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Susceptibility to wind erosion

Susceptibility to Wind Erosion
Susceptibility to Wind Erosion

Wind erosion is the movement of soil particles by wind. It occurs when the lift forces of the wind exceed the gravity and cohesion of the soil grains at the surface.

Susceptibility of land to wind erosion is determined by taking into account the inherent features of the soil, the climate and position in landscape. The erodibility of the topsoil is a major factor, but structure, texture, stoniness and organic matter are all significant. Land use and management may have a major influence on the degree of deterioration, particularly if dry soils are exposed when erosive winds are likely to occur. Wind erosion is likely to reduce the organic matter and nutrients available in the topsoil, while the reduction in topsoil depth also leads to reduced water infiltration causing increased runoff and a fall in productivity.

The loose sandy topsoils on granitic parent materials are highly susceptible, while the open plains with fine sandy loam topsoils, and the lower slopes of the drier granitic areas have moderate susceptibilities.

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The land characteristics and management factors involved in wind erosion are described in Table 8.

Table 8 Land characteristics and management factors involved in wind erosion
ProcessesLand features affecting processesFactors affected by land characteristicsManagement factors that modify land characteristics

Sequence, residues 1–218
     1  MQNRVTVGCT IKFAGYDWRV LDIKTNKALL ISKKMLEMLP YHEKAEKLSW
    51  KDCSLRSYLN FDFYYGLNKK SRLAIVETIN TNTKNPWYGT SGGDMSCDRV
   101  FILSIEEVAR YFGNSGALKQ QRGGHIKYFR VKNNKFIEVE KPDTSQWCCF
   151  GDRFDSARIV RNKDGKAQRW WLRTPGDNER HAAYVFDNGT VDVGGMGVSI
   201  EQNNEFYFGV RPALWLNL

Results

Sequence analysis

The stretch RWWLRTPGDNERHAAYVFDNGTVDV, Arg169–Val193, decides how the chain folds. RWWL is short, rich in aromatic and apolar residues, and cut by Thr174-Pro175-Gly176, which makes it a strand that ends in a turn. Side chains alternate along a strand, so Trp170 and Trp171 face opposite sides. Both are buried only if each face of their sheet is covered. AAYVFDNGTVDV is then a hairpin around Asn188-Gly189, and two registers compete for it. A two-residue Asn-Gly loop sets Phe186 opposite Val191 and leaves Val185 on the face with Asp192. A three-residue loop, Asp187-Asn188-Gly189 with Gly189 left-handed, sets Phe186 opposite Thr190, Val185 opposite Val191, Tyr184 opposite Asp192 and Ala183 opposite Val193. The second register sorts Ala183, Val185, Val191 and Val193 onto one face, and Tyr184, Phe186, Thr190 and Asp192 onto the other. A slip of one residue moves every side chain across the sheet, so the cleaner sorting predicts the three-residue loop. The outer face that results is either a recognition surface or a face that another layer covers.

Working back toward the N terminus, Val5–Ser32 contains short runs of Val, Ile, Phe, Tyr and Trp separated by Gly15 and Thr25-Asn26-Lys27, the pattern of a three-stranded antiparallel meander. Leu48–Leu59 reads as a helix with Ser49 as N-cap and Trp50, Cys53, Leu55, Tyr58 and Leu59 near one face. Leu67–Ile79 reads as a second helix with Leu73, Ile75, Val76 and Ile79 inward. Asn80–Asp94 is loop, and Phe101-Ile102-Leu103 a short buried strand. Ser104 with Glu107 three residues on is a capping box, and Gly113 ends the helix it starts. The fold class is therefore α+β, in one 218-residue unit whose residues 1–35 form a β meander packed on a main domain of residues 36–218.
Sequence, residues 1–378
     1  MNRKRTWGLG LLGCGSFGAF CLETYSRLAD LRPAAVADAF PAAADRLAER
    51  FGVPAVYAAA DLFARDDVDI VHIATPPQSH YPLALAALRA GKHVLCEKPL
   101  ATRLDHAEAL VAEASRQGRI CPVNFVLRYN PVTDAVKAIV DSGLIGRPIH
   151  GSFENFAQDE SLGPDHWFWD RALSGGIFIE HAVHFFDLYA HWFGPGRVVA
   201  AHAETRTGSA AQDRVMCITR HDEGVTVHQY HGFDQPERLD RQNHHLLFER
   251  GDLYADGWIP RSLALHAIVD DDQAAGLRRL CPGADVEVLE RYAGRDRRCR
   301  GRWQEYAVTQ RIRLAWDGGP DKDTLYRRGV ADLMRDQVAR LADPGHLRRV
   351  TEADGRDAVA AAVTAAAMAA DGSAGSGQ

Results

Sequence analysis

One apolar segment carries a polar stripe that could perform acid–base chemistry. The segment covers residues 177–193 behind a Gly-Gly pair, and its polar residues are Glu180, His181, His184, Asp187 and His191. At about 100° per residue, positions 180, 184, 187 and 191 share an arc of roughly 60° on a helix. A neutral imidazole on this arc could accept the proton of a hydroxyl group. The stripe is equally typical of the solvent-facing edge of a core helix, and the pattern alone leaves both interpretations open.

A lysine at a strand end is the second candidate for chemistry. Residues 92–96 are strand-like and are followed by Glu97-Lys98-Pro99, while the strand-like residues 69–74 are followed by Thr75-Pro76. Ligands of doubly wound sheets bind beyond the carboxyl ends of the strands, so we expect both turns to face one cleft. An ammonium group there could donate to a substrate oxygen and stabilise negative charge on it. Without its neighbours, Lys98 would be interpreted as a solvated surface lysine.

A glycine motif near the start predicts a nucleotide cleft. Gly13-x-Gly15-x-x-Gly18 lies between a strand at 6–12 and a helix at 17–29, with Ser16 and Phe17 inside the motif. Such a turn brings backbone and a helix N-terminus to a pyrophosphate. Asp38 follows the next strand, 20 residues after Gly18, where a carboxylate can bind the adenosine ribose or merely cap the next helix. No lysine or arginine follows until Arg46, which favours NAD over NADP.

Wind erosion occurs when the force due to wind is sufficient to overcome the cohesion and weight of the soil particles and to allow their movement
  • structure, percent surface cover (including litter)
  • leaf area, rooting depth
  • and perenniality
  • Exposure of surface soil
  • Depth of zero velocity layer
  • Transpiration and hence soil moisture content and particle cohesion
All aspects of the vegetation are affected by selection of species and control of biomass by practices such as grazing, trampling,
harvesting, burning, cultivating, clearing, trafficking, fertilising

Processes involved are:
  • rainfall/evapotranspiration regime
  • wind strength
  • wind direction
  • Soil moisture content and hence particle cohesion
  • Detachment and transport
  • Site exposure

  • detachment by abrasion and suction
  • perviousness of rock or unconsolidated sediments
  • Soil moisture content and hence particle cohesion

  • transport by creep, saltation and suspension
  • microrelief slope degree and position in landscape
  • microrelief slope degree and position in landscape
Retention or construction of wind-
breaks, cloddy cultivation and ridging
affect microrelief
  • deposition by entrapment and reduced wind velocity
  • percent stone cover
  • size/weight of surface articles/aggregates
  • aggregate stability (influenced by factors such as presence ofcarbonates, iron oxides and organic matter, clay mineralogy and biological activity)
  • profile permeability, depth and water-holding capacity size/weight of surface
  • Surface wind strength
  • Detachment and transport
  • Detachment

  • Soil moisture content and hence particle cohesion and weight or particles/aggregates

Soil disturbances such as trampling cultivating affect aggregate stability

Any practices affecting biomass alter the organic matter content of the topsoil
Source: Aldrick, et. al. (1988)
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